“VW will not convert Kariega to an EV plant yet. “There are still European plants producing combustion vehicles and they must switch first. “Volkswagen aims to be a zero-carbon manufacturer, so shipping vehicles to Europe does not help our footprint either. “To bring batteries and the like in from Asia or Europe, and then ship vehicles back, is even worse.”
Which is why Volkswagen South Africa is rather plotting a third model, plausibly a Polo-based half-ton bakkie geared for SKD assembly alongside other models in sub-plants through Africa. “We do not want to rely on exporting to Europe,” Biene concludes. “We’d prefer to do business at home first. “Our long-term future is in Africa.”
“Our infrastructure cannot support EV tech” – Toyota
Biene is certainly not alone. “BEVs may be the answer for some markets, but not others like South Africa.” Toyota SA boss Andrew Kirby adds. “Our infrastructure simply cannot support EV technology at scale. “Our very limited 267 station charging grid is mostly metro based. “Add our obvious energy crisis, and a one-size-fits-all strategy is just not feasible.
“Toyota takes a holistic approach to Carbon Neutrality. “We address carbon in a lifecycle perspective throughout the value chain, rather than just a zero emissions vehicle end product. “From sourcing materials, to building our cars and their powertrains, how we sell them and even to how we dispose of the cars at the end.”
“Hybrid technology has a very important role to play in this carbon journey. “Three Hybrid Electric Vehicles equal one Battery Electric Vehicle in carbon savings. “By 2025, at least 20% of vehicles sold in South Africa will be New Energy Vehicles. “We also aim to generate 100% renewable electricity at Prospection by 2028 and to be carbon neutral by 2035.
Africa has the lowest EV ownership rate
“The Department of Trade, Industry and Competition published a Green Paper on incentivising the local manufacture and purchase of new energy vehicles two years ago,” Kirby added. “We are still waiting, but we hope that this policy will kick off soon after a white paper is adopted in due course.”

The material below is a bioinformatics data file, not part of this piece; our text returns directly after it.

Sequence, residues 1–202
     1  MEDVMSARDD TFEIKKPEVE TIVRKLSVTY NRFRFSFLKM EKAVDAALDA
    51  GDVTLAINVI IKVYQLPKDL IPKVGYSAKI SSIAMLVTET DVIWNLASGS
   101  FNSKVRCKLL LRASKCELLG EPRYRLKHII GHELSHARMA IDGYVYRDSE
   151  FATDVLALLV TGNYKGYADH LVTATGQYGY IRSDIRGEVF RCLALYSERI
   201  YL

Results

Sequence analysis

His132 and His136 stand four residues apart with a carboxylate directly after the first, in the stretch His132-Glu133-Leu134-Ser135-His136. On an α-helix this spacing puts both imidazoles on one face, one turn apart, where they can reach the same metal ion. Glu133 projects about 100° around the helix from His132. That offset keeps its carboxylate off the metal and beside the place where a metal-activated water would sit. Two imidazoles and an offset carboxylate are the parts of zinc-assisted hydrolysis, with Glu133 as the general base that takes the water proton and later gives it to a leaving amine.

Battery vehicle sales indeed rose 108% worldwide to 6.75-million units last year. Yet very few EVs were sold in South Africa, despite huge campaigns to move them. “Africa has the lowest EV ownership rate,” Legacy Motor Group Chair Mpho Dipela concludes. “25% import tax and a lack of direction to invest keeps EVs out of the average motorist’s reach.”
All of which leads to one or two obvious conclusions. While it has a world leading auto industry, South Africa is nowhere near ready to switch to EVs. With that in mind, it is clear that the SA car industry, along with those in a few other developing nations, will have to take care of their own combustion based motoring needs, for the foreseeable future.
SA’s car industry outlook is bright
There are indeed several other minefields the first world motor industry must still navigate in its flight to this apparent EV future. If that indeed actually transpires. California, for instance, urged its population to avoid charging EVs in the heatwave. The very day after lawmakers promulgated the same state’s 2030 ban on combustion cars!
Where will the necessary electricity come from to charge those several million EVs, there and elsewhere? That is but one of so many such significant EV questions that nobody seems able to coherently answer…
The Combustion Belt will meanwhile continue to build the cars most of the world knows it can still rely on. And with South Africa leading that developing markets combustion charge, its motor industry stands to benefit more than handsomely going forward.
Indeed, far from dark in the face of electrification, the SA motor industry’s future seems brighter than ever. Albeit still based on good old combustion technology… – Michele Lupini